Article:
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Third Eye Dancers’ ‘Guru Samarpana’ raises funds for Tamilnad Kidney Research Foundation

By Mahadev Desai
October 2011
Third Eye Dancers’ ‘Guru Samarpana’ raises funds for Tamilnad Kidney Research Foundation

Third Eye Dancers, an Atlanta-based nonprofit, presented a Bharatnatyam, Kathak, and Kuchipudi dance program, “Guru Samarpana,” as a fundraiser for Tamilnad Kidney Research Foundation (TANKER Foundation), at the Gwinnett Performing Arts Center, on Sunday, August 28.

The show, a sold-out event which attracted over 650 patrons, featured professional artists, some of whom are founders and directors of dance academies in Atlanta; South Carolina; Washington D.C., Chicago, and California. They came together not only for the charitable cause but also to show submission, gratitude, love, and respect for their respective Gurus.

Subathra Sudarshan explained the mission of Third Eye Dancers: giving through dance, using dance to increase awareness about social issues affecting children, so that families can get involved in the remediation of such issues.

The program was emceed with flair by Krishna Kumar who with his wife Sivakami runs Bharata Kalarpana School of Indian Culture and Fine Arts in South Carolina. He introduced each item with a brief history

accompanied with facial and hand gestures.

17-year-old Sutikshna Veeravali, a Bharatanatyam dancer and Carnatic music singer, set the ball rolling with graceful Nrittanjali.

Kumud Savla and her Kathak students from Nritya Natya Kala Bharati Dance Academy performed to the
beloved devotional “Hanuman Chalisa.” Then she and daughter Samta portrayed the divine love and romantic teasing of Radha by Lord Krishna to “Mohe Chhedo Naa.”

Krishna Kumar and Sivakami then performed a Bharatanatyam dance choreographed by Subathra Sudarshan, to a song in praise of the art form, “Aaadal Kalaiye” from the Tamil movie Sri Ragavendra.

Sasikala Penumarthi of the Academy of Kuchipudi Dance performance to the popular Bengali song “Bodhu Kon Alo” from Tagore’s play “Chitrangda.”

Bharathakala Natya Academy’s artistic director Subathra Sudarshan; Artistic Director of Mrudani School Anuradha Murali; Kannan Rasiah from Yogaville, Virginia; Aparna Seetharaman from California; and Artistic Director of Samyuktam Natya Academy, Preetha Sayeekrishnan performed an exuberant dance to a popular composition “Yen Palli Kondeer Ayya” by Arunachala Kavirayar.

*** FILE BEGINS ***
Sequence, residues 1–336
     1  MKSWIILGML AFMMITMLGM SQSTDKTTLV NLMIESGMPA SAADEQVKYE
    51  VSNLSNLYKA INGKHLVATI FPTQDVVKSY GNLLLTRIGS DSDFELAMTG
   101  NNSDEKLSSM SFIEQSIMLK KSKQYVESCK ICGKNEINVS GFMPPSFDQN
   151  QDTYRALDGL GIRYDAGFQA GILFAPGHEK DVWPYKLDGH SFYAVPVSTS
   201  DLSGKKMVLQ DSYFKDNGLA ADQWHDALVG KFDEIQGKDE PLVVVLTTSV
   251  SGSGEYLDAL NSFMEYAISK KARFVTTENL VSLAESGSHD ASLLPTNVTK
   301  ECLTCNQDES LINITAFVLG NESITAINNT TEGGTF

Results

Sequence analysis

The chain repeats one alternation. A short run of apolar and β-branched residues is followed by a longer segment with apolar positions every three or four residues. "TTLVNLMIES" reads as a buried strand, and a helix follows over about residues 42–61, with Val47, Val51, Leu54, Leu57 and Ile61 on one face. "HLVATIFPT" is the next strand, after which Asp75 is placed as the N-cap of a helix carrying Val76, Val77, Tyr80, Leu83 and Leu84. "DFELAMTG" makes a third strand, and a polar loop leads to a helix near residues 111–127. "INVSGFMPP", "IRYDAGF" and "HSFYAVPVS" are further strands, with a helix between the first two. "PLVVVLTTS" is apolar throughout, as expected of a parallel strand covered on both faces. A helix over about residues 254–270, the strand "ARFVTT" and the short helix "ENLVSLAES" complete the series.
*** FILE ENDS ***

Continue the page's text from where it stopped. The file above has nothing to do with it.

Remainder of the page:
Sutikshna Veeravalli’s Bharatanatyam dance to Meera Bai’s soul-stirring bhajan Hari Tum Haro” elicited a standing ovation from the audience. Choreographed by her mother and Guru Vanitha Subathra Sudarshan
Veeravalli of the Bharatam Academy of Dance Arts in Chicago, the dance interweaved three interesting episodes: Lord Krishna coming to help Draupadi at her disrobing by Dushasana; Hiranyakashipu and Prahlad; and Gajendra Moksha where Lord Vishnu comes down to earth to save Gajendra (elephant) from the clutches of Makar (crocodile).

Dr. Subha Maruvada, a Kuchipudi and Bharatanatyam dancer who runs Pranava Natyam Kuchipudi School of Dance in Maryland, presented a Kuchipudi dance in praise of Sri Bhuvaneswari. Sasikala and her Academy students performed to “Jagadananda Karaka,” a famous Pancaratna-keertana by poet Thyagaraja.

Subathra Sudarshan of Third Eye dancers and the Bharathakala Natya Academy in Johns Creek performed her dance to “Jaya Maruthi Kauthuvam,” in praise of Lord Anjaneya. In this episode from Ramayana, Hanuman enters Ashoka Vana and delivers the ring from his master, Rama to Sita and later sets fire to Sri Lanka.

Dr. Manohar Nallathambi, an Atlanta-based surgeon introduced the TANKER Foundation to the audience. “Kidney Failure is the third leading cause of death after cancer and heart disease. For the past 18 years  TANKER has fought against kidney diseases by providing subsidized and free dialysis and financial support to the underprivileged … in Chennai and Madurai and is set to begin two more units in Tirunelveli and Coimbatore. … There is a dedicated dialysis unit for poor with HIV, the very first of its kind in India.”

The students of Subathra Sudarshan danced, describing the beauty of Lord Muruga, to the devotional piece “Malai Varum Velai.” The concluding item Nrittangaharam-Behag was performed by the group Bharatasangamam from all over the U.S.—Subathra and Preetha from Atlanta; Anuradha; Krishna Kumar and Sivakami from South Carolina; Kannan Rasiah from Virginia; and Aparna from California. The artists danced with panache, and ended the highly entertaining program with mangalam.

“Joy of giving has no other match,” said Sudarshan Srinivasan in his vote of thanks. He invited the audience to Third Eye Dancer’s next event, a fundraiser on October 29 for education for Bhutanese refugees in Atlanta.

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